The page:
Amazon, Apple, Ford and Goldman Sachs are among America’s largest employers and most iconic brands. They have something else in common: They’ve all been attacked by the CEO president.
President Donald Trump styles himself a business-friendly leader. But just this month his administration imposed tariffs on steel, aluminum and Chinese goods. It went to trial to block a vertical merger on antitrust grounds. And this week, Trump attacked Amazon (AMZN) a major driver of the stock market rally and the jobs market.
The president has targeted many other companies and industries. He repeatedly accused Ford (F)of moving jobs from Michigan to Mexico, claims that Ford has said were incorrect. And last summer, Trump lashed out at Ken Frazier and the pharmaceutical industry’s “ripoff drug prices” after the Merck (MRK)CEO quit Trump’s manufacturing council.
Trump’s attacks on major American companies can hardly be considered business-friendly. Nor are they helpful to the stock market, which Trump himself views as a barometer of his success.
The president’s anti-business actions undermine his pro-business achievements, such as the huge corporate tax cut, a push to rip up regulations and booming small business optimism.
“There is this implicit paradox because he has been waving the flag as the champion of American enterprise,” said Jeffrey Sonnenfeld, a professor at the Yale School of Management. “It’s a very confused portrait.”
An Axios report on Wednesday that described a president plotting to “go after Amazon” wiped $32 billion from the company’s market value. Rather than deny the report, Trump doubled down with a pair of misleading tweets about Amazon’s tax and shipping tactics.
Never mind that Amazon accounts for about 12% of the Trump rally. Or that it’s responsible for about 5% of last year’s hiring boom. Plus, as CNBC’s Jim Cramer pointed out on Twitter, Amazon “lowers prices for consumers!”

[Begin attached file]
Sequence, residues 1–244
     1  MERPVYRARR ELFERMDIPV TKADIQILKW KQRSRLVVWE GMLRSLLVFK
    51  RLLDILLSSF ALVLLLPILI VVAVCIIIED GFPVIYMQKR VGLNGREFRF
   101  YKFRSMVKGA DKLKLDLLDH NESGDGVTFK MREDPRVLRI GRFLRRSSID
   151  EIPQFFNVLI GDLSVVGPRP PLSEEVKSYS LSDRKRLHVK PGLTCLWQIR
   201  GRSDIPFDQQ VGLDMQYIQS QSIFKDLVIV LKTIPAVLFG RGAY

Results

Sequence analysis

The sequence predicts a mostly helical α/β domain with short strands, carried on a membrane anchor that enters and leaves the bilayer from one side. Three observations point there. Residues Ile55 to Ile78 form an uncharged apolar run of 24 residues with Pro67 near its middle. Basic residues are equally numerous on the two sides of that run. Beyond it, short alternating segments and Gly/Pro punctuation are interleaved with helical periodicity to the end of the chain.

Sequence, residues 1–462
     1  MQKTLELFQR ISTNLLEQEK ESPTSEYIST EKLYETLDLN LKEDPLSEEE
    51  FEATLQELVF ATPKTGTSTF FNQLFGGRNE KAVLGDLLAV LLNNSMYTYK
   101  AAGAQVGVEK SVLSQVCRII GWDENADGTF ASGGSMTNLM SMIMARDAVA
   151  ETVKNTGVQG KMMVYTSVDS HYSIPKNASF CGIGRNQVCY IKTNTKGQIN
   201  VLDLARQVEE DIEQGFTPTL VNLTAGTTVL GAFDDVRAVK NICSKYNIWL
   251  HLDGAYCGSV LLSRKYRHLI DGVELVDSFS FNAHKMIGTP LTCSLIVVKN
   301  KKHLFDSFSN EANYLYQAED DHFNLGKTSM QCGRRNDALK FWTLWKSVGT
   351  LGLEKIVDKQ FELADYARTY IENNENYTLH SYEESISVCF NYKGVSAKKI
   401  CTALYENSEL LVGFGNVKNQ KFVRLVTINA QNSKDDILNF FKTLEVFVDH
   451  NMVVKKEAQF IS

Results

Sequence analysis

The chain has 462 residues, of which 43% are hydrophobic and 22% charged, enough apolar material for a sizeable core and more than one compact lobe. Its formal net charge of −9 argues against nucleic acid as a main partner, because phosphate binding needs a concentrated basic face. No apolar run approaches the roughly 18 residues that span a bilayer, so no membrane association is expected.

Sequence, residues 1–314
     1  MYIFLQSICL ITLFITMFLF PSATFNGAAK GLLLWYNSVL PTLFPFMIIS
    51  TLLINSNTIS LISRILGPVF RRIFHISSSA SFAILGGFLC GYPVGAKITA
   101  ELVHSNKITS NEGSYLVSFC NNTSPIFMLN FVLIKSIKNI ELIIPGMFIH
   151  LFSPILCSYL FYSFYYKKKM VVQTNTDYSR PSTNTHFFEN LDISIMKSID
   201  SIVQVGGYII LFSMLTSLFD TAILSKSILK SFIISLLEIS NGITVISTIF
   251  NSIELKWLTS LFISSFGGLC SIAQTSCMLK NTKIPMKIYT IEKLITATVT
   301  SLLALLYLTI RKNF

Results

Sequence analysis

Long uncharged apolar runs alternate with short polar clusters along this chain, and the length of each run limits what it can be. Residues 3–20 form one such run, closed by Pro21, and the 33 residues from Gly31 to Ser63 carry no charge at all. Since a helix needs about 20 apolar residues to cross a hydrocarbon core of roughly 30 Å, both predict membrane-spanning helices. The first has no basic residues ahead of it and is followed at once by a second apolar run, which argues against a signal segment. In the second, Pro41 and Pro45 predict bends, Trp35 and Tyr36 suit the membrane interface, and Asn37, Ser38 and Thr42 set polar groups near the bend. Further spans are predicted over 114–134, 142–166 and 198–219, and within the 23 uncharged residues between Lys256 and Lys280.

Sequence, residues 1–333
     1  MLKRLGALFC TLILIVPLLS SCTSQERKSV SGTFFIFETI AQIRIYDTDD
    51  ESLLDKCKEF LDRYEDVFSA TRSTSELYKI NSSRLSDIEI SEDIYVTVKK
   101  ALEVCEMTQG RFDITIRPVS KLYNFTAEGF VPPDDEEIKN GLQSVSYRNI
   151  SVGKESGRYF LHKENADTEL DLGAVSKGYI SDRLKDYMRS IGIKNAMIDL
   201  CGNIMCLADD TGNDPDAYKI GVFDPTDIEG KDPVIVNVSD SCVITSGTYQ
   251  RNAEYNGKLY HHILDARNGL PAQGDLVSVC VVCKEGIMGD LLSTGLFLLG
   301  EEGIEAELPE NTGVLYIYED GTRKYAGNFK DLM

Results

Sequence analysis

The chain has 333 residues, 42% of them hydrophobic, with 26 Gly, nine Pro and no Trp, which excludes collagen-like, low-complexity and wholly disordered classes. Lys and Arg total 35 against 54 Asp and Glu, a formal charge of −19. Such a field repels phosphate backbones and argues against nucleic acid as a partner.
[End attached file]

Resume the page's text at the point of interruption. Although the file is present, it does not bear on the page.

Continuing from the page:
Yet Trump is a frequent critic of Amazon CEO Jeff Bezos, who also owns The Washington Post. Amazon does not own the newspaper, though Trump misleadingly calls it the “Amazon Washington Post.”
“Our sense is that the Washington Post’s coverage is the driving force behind his antipathy,” Isaac Boltansky, senior policy analyst at Compass Point Research and Trading, wrote in a report.
In 2016, Trump told Fox News that he believes Bezos is using the Post as a “tool for political power against me and against other people.”
The White House has denied that’s why Trump is taking on Amazon. Raj Shah, Trump’s deputy press secretary, told Fox News on Thursday “this is really about policy,” not Bezos.
Meanwhile, Trump’s Justice Department sued to block the AT&T-Time Warner megadeal. (Time Warner owns CNN.) The administration has taken the rare step of trying to block a “vertical merger,” one between two companies in different lines of business. The federal government hasn’t fought a vertical merger in court to its conclusion since 1979.
For Trump, what seems to matter most has been the verdict the stock market delivers.
The results were very positive last year as stocks boomed thanks to Trump’s tax cuts.
More recently, Trump’s policies specifically his trade crackdown drove repeated sell-offs in March. The Dow ended with its worst quarter since 2015.
That means even Wall Street is being forced to confront the anti-business portions of the Trump agenda.
CNNMoney’s Chris Isidore and David Goldman contributed to this story.